Barton quickly felt the burden of the irrepressible English media. “Every mistake I made was highlighted,” he said, shaking his head as if with fresh disbelief. “I wasn’t used to being a public figure. I was a kid off a council estate in Liverpool where we couldn’t even afford a new pair of trainers.” Needless to say Barton didn’t exactly help his cause – stubbing a lit cigarette in a youth player’s eye at City’s Christmas party in 2004, baring his backside to Everton fans after a last minute equaliser at Goodison, and sentenced to a four-month suspended prison sentence after assaulting teammate Ousmane Dabo in May 2007. That same year, he was sentenced to six months in prison for assault in Liverpool city centre.

For the ebullient Barton, these are just bumps in the road, inextricable parts of the human “journey”. Each setback strengthened his resilience, hardened his will to prove people wrong. His favourite football memory, he insists, was his debut because that was the day he silenced his detractors. “To go on and have a 15-year-career after being told you’re not big enough, you’re not good enough,” he said with relish. “I’d love to speak to that careers advisor now and just say, told you.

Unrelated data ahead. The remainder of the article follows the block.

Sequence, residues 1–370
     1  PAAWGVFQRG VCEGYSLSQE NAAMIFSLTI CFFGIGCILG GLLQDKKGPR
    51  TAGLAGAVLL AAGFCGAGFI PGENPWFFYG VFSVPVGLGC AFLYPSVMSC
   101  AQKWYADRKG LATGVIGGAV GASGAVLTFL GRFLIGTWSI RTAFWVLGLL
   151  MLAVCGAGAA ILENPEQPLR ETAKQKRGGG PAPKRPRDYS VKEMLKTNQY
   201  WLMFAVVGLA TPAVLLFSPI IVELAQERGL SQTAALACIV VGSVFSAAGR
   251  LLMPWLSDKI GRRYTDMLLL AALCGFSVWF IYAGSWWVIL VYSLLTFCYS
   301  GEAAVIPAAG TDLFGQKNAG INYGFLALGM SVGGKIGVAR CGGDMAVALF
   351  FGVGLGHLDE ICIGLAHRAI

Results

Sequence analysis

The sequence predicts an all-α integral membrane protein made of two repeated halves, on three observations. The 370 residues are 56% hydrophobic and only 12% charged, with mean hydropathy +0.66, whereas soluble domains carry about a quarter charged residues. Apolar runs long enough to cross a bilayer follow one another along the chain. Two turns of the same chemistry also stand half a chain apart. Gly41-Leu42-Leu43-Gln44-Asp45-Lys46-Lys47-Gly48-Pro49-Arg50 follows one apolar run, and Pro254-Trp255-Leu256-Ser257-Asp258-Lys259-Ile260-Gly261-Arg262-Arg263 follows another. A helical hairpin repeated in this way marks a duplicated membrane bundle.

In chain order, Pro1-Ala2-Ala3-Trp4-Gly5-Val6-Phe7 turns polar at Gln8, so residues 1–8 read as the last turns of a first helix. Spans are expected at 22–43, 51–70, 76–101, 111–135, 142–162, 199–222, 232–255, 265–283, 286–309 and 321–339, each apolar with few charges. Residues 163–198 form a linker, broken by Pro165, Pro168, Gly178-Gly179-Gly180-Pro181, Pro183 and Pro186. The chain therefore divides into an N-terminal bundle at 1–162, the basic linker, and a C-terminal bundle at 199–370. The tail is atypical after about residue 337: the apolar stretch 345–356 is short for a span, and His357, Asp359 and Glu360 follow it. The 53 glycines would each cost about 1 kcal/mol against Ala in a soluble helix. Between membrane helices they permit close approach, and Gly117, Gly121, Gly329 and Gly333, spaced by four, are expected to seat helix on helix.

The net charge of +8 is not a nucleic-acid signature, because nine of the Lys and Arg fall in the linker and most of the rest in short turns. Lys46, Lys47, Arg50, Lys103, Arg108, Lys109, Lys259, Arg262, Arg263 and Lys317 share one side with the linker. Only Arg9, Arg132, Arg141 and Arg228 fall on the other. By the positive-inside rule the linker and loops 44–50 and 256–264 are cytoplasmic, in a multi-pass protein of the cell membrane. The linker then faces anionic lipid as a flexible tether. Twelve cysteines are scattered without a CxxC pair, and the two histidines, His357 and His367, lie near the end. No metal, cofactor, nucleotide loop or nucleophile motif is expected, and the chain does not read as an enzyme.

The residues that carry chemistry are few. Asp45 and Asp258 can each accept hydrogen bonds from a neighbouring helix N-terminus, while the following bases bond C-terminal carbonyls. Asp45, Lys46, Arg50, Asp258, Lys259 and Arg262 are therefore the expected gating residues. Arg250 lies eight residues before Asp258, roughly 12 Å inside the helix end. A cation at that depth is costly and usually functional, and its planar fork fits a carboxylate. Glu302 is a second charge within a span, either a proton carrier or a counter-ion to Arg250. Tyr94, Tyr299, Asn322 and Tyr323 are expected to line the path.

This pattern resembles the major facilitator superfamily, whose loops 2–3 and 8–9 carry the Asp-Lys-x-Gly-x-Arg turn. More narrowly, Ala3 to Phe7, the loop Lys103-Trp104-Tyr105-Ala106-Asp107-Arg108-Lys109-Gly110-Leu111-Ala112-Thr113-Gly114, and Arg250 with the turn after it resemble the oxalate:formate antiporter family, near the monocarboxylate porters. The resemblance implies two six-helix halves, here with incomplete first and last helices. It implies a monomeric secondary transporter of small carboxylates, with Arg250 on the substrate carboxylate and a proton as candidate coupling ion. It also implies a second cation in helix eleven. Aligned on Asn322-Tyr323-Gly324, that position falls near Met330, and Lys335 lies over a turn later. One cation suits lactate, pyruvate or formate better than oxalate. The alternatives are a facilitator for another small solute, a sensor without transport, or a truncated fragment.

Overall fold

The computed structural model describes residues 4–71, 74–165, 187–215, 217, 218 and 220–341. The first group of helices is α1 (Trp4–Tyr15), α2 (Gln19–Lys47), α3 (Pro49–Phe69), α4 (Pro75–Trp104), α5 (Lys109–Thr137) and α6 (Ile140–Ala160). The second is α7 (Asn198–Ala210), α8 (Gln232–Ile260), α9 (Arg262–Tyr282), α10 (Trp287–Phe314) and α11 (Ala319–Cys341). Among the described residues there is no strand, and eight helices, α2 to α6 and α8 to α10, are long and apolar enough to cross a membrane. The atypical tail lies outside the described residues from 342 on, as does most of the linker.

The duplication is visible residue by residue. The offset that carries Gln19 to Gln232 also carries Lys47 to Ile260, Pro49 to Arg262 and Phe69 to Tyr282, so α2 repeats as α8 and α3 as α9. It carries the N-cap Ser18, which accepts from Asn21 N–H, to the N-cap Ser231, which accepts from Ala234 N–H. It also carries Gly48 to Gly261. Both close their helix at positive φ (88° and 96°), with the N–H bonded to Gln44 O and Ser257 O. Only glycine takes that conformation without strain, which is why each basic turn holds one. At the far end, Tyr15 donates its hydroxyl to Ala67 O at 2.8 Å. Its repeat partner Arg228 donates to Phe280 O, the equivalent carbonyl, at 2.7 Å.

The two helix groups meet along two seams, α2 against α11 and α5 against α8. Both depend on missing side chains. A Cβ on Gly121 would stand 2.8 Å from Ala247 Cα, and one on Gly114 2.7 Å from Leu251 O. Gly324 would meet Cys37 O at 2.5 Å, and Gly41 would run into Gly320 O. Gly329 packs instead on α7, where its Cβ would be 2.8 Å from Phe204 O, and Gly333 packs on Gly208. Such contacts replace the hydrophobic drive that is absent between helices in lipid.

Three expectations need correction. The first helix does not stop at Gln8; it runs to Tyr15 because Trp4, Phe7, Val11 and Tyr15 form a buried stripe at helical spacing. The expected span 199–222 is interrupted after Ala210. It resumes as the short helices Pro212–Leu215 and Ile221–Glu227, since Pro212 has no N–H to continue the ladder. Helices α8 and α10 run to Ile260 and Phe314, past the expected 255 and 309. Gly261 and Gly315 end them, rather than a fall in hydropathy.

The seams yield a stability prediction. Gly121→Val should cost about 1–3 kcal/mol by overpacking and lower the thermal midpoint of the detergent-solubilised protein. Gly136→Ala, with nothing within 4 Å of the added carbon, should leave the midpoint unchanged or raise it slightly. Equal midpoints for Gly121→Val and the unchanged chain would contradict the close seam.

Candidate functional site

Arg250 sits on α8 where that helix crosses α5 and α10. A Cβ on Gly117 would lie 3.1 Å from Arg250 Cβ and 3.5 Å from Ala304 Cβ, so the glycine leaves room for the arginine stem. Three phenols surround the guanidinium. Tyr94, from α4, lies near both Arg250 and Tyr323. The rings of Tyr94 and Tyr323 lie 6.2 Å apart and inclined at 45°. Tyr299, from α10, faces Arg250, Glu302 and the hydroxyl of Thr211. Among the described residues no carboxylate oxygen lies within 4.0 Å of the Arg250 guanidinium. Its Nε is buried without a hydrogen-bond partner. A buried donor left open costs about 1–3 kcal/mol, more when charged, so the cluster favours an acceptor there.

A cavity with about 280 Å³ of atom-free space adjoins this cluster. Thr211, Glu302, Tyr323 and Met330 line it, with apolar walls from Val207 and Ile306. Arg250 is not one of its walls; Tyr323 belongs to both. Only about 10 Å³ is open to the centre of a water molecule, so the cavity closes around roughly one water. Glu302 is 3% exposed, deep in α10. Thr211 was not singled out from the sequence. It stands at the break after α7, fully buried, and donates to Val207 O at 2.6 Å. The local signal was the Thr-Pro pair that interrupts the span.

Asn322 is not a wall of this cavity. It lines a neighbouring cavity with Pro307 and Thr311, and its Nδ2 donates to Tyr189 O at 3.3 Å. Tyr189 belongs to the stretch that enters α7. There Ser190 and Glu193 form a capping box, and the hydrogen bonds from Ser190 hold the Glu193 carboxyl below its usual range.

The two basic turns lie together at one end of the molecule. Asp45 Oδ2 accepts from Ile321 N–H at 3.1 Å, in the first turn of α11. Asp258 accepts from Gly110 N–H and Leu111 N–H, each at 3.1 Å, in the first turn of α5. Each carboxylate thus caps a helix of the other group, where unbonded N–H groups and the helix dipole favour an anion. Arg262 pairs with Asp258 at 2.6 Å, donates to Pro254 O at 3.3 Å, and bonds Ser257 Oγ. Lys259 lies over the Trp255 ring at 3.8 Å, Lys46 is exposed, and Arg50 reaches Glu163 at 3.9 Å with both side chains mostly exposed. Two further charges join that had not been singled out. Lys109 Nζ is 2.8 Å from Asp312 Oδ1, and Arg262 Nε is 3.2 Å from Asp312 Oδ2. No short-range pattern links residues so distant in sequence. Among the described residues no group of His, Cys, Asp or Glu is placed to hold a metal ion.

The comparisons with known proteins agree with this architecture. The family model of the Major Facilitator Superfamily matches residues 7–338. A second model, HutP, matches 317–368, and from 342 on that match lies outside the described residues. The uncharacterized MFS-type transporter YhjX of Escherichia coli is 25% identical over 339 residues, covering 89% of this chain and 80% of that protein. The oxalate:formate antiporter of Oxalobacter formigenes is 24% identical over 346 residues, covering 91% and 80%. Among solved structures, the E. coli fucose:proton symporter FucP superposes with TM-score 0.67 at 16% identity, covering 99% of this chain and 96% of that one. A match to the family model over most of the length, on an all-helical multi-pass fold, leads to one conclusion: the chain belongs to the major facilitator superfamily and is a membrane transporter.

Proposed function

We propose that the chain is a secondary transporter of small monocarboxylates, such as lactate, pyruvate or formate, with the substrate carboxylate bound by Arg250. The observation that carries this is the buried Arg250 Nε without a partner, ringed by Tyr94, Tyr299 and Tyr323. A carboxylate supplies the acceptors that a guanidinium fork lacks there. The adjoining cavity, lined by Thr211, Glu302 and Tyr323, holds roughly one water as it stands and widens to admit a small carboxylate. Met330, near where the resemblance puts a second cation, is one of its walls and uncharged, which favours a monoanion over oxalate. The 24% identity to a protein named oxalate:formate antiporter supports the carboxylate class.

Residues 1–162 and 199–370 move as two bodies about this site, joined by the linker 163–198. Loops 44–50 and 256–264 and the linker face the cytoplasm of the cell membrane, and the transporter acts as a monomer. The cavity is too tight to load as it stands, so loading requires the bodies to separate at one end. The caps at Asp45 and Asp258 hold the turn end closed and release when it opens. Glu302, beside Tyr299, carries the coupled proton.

“I didn’t think I was going to make it. Playing for England was beyond my wildest expectations. You can sit back and think if I’d been a bit more disciplined I could’ve got more [caps]. But I’m like don’t be too greedy, you have to be happy with what you get. Everything after my debut was a bonus.” As much as it is his footballing lifeblood, you wonder whether Barton’s underdog disposition has prevented him from cutting it at the very highest level. He’s never seemed the most self-deprecating of sorts. “I think I’m the I think I’m the best [English midfielder],” he boldly claimed in 2011. “Jack Wilshere isn’t bad, but Frank Lampard’s on the way down and Steven Gerrard’s been injured a lot.” But, astonishing as it may sound, Barton might ultimately have been constrained by too much humility.  

“It scares me that if I’d been of a lesser constitution, if I’d listened to the experts, who knows what would’ve happened. I probably would have been a drug dealer, or a criminal, or working on a building site, not known.”